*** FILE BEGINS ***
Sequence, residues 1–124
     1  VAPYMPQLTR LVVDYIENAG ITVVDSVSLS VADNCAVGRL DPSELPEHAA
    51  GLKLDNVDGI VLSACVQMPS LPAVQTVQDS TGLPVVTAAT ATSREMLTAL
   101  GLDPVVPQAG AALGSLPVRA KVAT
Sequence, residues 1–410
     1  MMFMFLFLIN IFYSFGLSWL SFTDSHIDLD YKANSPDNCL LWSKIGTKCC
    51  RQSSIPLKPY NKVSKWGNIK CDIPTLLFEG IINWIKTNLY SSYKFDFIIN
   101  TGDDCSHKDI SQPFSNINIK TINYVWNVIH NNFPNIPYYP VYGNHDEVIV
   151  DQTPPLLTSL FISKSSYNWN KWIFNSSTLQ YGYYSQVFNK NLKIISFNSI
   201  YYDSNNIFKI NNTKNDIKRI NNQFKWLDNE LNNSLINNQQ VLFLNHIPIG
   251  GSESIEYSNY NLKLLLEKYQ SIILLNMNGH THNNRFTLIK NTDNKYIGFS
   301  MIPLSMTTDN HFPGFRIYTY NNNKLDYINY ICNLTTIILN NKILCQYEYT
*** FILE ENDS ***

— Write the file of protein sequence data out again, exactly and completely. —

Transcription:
Sequence, residues 1–124
     1  VAPYMPQLTR LVVDYIENAG ITVVDSVSLS VADNCAVGRL DPSELPEHAA
    51  GLKLDNVDGI VLSACVQMPS LPAVQTVQDS TGLPVVTAAT ATSREMLTAL
   101  GLDPVVPQAG AALGSLPVRA KVAT
Sequence, residues 1–410
     1  MMFMFLFLIN IFYSFGLSWL SFTDSHIDLD YKANSPDNCL LWSKIGTKCC
    51  RQSSIPLKPY NKVSKWGNIK CDIPTLLFEG IINWIKTNLY SSYKFDFIIN
   101  TGDDCSHKDI SQPFSNINIK TINYVWNVIH NNFPNIPYYP VYGNHDEVIV
   151  DQTPPLLTSL FISKSSYNWN KWIFNSSTLQ YGYYSQVFNK NLKIISFNSI
   201  YYDSNNIFKI NNTKNDIKRI NNQFKWLDNE LNNSLINNQQ VLFLNHIPIG
   251  GSESIEYSNY NLKLLLEKYQ SIILLNMNGH THNNRFTLIK NTDNKYIGFS
   301  MIPLSMTTDN HFPGFRIYTY NNNKLDYINY ICNLTTIILN NKILCQYEYT